My personal introduction to mysticism

Krumpos, R.

In 1959 during my second year at Northwestern University, I decided to become an astronomer (at age 20 you think you can become anything). Northwestern had a small observatory on campus with a one man astronomy department. Dr. J. Allen Hynek himself was a controversial person.

He told me to visit the University of Chicago’s Yerkes Observatory in Wisconsin, less than a one hour drive from my hometown in Kenosha. It then had the largest refracting telescope in the USA. Dr. Hynek provided an introduction to Chandra (the name he gave to Americans who could not remember Subrahmanyan or Chandrasekhar).

That summer Chandra invited me to visit to discuss astronomy as a career. He told me to come late, just before midnight, when there was less ground light and the sky was usually clear. He had trained their telescope on the Orion Nebula, which is the birthplace of the stars in our galaxy (on  the cover of my ebook).

I viewed the nebula for only about 15 minutes before feeling that I was absorbed in it. 30 minutes later Chandra called out to me, but I didn't hear him. Apparently I had gone into a trance, something he recognized from his own prior experiences. He stood beside me and gradually talked me down from it.

Astronomy, and especially astrophysics, requires a lot of higher mathematics. When he learned that I had barely passed calculus, he advised me to consider another career. He also suggested that I meet with Swami Vishwananda of the Vedanta Society in Chicago. The Swami had a PhD in psychology and could help to explain what had happened to me. Chandra was awarded the Nobel Prize in Physics in 1983. en.wikipedia.org/wiki/Subrahmanyan_Chandrasekhar

Swami Vishwananda was a delightful person, kind and caring. When he realized that mine was a more intellectual approach, he recommended I meet Swami Nikhilananda in New York. In the summer of 1960 I spent three months in Manhattan, staying at the Columbia University International House. We met at the Ramakrishna-Vivekananda Center about 12 times. He was a no-nonsense teacher…quick to correct me.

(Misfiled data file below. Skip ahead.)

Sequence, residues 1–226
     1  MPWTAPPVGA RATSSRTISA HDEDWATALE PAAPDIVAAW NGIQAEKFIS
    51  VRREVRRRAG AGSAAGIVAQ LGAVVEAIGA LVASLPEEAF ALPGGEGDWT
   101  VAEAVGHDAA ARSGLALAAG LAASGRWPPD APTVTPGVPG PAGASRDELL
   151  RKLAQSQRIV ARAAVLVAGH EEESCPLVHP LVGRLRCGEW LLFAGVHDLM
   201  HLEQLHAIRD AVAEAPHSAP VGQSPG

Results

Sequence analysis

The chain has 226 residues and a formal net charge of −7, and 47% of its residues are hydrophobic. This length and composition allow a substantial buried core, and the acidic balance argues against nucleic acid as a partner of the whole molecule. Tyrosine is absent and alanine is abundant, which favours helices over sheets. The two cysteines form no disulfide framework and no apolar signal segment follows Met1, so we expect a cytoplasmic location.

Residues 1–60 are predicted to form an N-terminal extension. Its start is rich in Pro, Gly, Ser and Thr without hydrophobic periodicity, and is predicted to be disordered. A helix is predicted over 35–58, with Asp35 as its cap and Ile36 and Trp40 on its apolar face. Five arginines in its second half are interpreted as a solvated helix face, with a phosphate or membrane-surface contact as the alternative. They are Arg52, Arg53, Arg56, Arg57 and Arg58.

Swami Nikhilananda had learned that the University of Wisconsin-Madison was about to begin a program in the area studies of India. He encouraged me to transfer there: it was my state university so tuition would be much lower than private Northwestern. One year after moving to Madison I was awarded a Carnegie grant for a fully paid one-year study at Lucknow University. en.wikipedia.org/wiki/Swami_Nikhilananda

In 1962 in Lucknow I was introduced to Sarvepalli Radhakrishnan by John Kenneth Galbraith, then the U.S. Ambassador to India. Dr. Radhakrishnan was then Vice President of India after 16 years as a Professor at the University of Oxford. He was one of the foremost authorities on Indian philosophy. He again met with me twice in Delhi. en.wikipedia.org/wiki/Sarvepalli_Radhakrishnan

All the Hindu mystics I have met, and most who I have read, believe in religious pluralism. That is especially true of Vedanta and the mystical tradition of other faiths. They taught that there are many paths to the same goal: realizing divine oneness.

Other mystics who I met and talked with: 1962 in Hong Kong: a Quaker missionary in Victoria. 1962 in India: a sadhu/scholar in Lucknow. 1964 in England: an Anglican bishop from Bath. 1964 in Denmark: a retired police inspector in Copenhagen. 1969 in Japan: a professor of philosophy in Kyoto. 1969 in Indonesia: a Hindu priest on Bali. 1969 in Iran: a Sufi shaykh from Shiraz. 1969 in Egypt: a professor of political science (and shaykh) in Cairo. 1969 in Israel: a member of the Knesset, a professor of history and a Greek Orthodox monk in Jersusalem. 1970 in Hong Kong: a Zen abbot and a Cistercian monk on Lantau. 1972 in Thailand: a Therevada monk at Nakhon Pathom. 1973 in Nepal: a Vajrayana abbot in Kathmandu. 1980 in the USA: the chairman of a global bank from New York.

In 2004, upon retirement, I began to research my ebook on comparative mysticism. After reading 180 books, including four years of writing and rewriting, my manuscript was submitted to 20 religious leaders/scholars for review. “The greatest achievement in life: Five traditions of mysticism” was first published on the Internet in 2009 and last revised in 2012. Since 2012 there have been 34,194 downloads from my website www.suprarational.org and it can also be downloaded from more than 30 other sites. From 2011-2016 I conducted an email forum for 220 professors who teach mysticism at universities on five continents.
 



(My publication)Posted:Aug 01 2018, 12:00 AM by Ron Krumpos
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